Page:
Gone Fishing

Industrial overfishing and other man-made factors have pushed one-third of the world’s fish stocks to be threatened with extinction, and many other species are not far behind. The problem represents a serious risk to ocean biodiversity, and to large human populations that rely on fish for day-to-day survival. What can be done?

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  • Gabrielle Sierra
    Podcast Host and Producer
Episode Guests
  • Manuel Barange
    Director, Fisheries and Aquaculture Policy and Resources Division, Food and Agriculture Organization
  • Michele Kuruc
    Vice President, Ocean Policy, World Wildlife Fund
  • Stewart M. Patrick
    James H. Binger Senior Fellow in Global Governance and Director of the International Institutions and Global Governance Program

Show Notes

One third of the world’s fish stocks are currently overfished. Industrial fishing wreaks havoc on fragile marine ecosystems, and leads to egregious waste of marine life. The crisis is compounded by a lack of centralized oversight of the high seas and widespread illegal fishing operations.


Yet, as the world’s population booms, demand for fish as a source of protein and micronutrients is only expected to grow, particularly in some of the world’s poorest countries. In this episode, three experts assess the problem, and offer strategies for how the world can work together to preserve one of the earth’s most important shared resources.


From Manuel Barange


Feeding 9 billion by 2050—Putting fish back on the menu,” Food Security

Keynote Address, ICES Annual Science Conference 2019

Arctic Frontiers Conference 2020


Talking Oceans and Climate Change,” Food and Agriculture Organization


From Michele Kuruc


Michele Kuruc Before the U.S. Senate Finance Committee [PDF]


Life and Law,” World Wildlife Magazine


An Analysis of the Impact of IUU Imports on U.S. Fishermen [PDF],” World Wildlife Fund


The Threat of Illegal Fishing Is Too Great to Ignore,” Yahoo! News


From Stewart M. Patrick


Why the U.N. Pact on High Seas Biodiversity Is Too Important to Fail,” World Politics Review


Read More


North Pacific pollock fleet preps for season after tough 2020,” Alaska Journal of Commerce


Seafood from slaves,” Associated Press


Freshwater fish are in ‘catastrophic’ decline with one-third facing extinction, report finds,” CBS


EU must end overfishing to protect our oceans, say scientists,” Euronews


The State of World Fisheries and Aquaculture 2020,” Food and Agriculture Organization


Revealed: seafood fraud happening on a vast global scale,” Guardian


Hidden Chains,” Human Rights Watch


Dramatic shark decline leaves ‘gaping hole’ in ocean, new study reports,” Japan Times


Japan’s chefs build on the growing market for sustainable seafood,” Japan Times


Another Side of Tilapia, the Perfect Factory Fish,” New York Times


‘The Fish Rots From the Head’: How a Salmon Crisis Stoked Russian Protests,” New York Times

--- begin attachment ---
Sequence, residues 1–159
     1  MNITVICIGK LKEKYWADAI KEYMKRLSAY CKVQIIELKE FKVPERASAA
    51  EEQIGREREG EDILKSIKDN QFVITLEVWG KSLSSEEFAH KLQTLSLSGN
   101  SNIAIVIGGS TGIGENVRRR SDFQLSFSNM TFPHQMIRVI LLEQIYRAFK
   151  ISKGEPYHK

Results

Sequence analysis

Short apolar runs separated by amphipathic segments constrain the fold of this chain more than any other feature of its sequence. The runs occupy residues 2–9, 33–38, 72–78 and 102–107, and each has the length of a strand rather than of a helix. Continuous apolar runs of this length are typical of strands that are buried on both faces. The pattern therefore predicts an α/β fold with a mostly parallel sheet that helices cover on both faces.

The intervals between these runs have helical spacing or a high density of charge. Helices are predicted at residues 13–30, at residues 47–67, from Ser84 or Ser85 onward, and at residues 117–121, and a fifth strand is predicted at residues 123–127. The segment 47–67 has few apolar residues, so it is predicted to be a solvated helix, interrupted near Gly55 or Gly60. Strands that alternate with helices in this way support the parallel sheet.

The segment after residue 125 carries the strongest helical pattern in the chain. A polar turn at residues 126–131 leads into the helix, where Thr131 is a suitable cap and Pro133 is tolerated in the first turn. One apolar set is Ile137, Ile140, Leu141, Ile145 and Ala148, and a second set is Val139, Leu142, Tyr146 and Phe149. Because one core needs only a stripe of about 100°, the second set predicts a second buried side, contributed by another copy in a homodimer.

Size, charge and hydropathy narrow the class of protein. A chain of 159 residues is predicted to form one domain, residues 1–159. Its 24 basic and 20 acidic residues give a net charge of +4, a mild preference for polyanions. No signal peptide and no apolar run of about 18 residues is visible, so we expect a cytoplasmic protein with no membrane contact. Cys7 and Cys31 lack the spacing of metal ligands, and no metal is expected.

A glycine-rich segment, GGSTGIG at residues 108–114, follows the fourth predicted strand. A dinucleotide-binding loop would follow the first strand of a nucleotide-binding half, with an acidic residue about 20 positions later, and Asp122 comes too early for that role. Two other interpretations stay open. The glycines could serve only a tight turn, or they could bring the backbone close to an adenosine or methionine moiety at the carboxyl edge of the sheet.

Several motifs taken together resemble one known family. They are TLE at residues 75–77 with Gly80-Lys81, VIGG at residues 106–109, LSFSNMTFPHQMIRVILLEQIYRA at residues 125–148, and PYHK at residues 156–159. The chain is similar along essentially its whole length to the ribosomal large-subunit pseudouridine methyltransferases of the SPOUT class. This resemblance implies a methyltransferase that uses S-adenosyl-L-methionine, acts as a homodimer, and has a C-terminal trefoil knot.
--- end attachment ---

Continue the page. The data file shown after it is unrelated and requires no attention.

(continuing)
The Battle Over Fish Farming In The Open Ocean Heats Up, As EPA Permit Looms,” NPR


Governments Should Act to End Harmful Fishing Subsidies,” Pew Charitable Trusts


Pressure Mounts on Governments Worldwide to Stop Subsidizing Overfishing,” Pew Charitable Trusts


5 Years Later: What’s Changed Since Mashiko Sushi Went Sustainable,” Seattle Magazine


Lawless Ocean: The Link Between Human Rights Abuses and Overfishing,” Yale Environment 360


Watch or Listen


The Fish on My Plate,” FRONTLINE


The four fish we’re overeating—and what to eat instead,” TED


Will the ocean ever run out of fish?” TED-Ed

Global Governance

In 2022, several colossal events dominated the headlines, most prominently the war in Ukraine and the worldwide inflation that it helped spark. But beyond Ukraine, events with global implications continued to unfold. In this episode, Why It Matters checks in with three CFR fellows and CFR President Richard Haass to understand the least-covered stories of 2022 and to take a peek at what could await the world in 2023.

Technology and Innovation

For years, the world thought of the internet as a borderless zone that brought people from around the world together. But as governments pursue very different regulatory paths, the monolithic internet is breaking apart. Now, where there had been one, there are at least three internets: one led by the United States, one by China, and one by the European Union.

International Organizations

The 2022 FIFA World Cup has kicked off in Qatar, and billions of fans worldwide are tuning in to the world’s most popular live event. And yet as in years past, the Qatar Cup is transpiring under the shadow of controversy.

Top Stories on CFR


The main battle tanks that the United States and Germany have agreed to provide Ukraine will help its forces punch through Russian fortifications and retake lost territory.

Sub-Saharan Africa

PEPFAR’s twentieth anniversary should prompt reflection on some inconvenient truths for U.S.-Africa relations.


Americans need to understand their obligations to one another and to their country if U.S. democracy is to survive.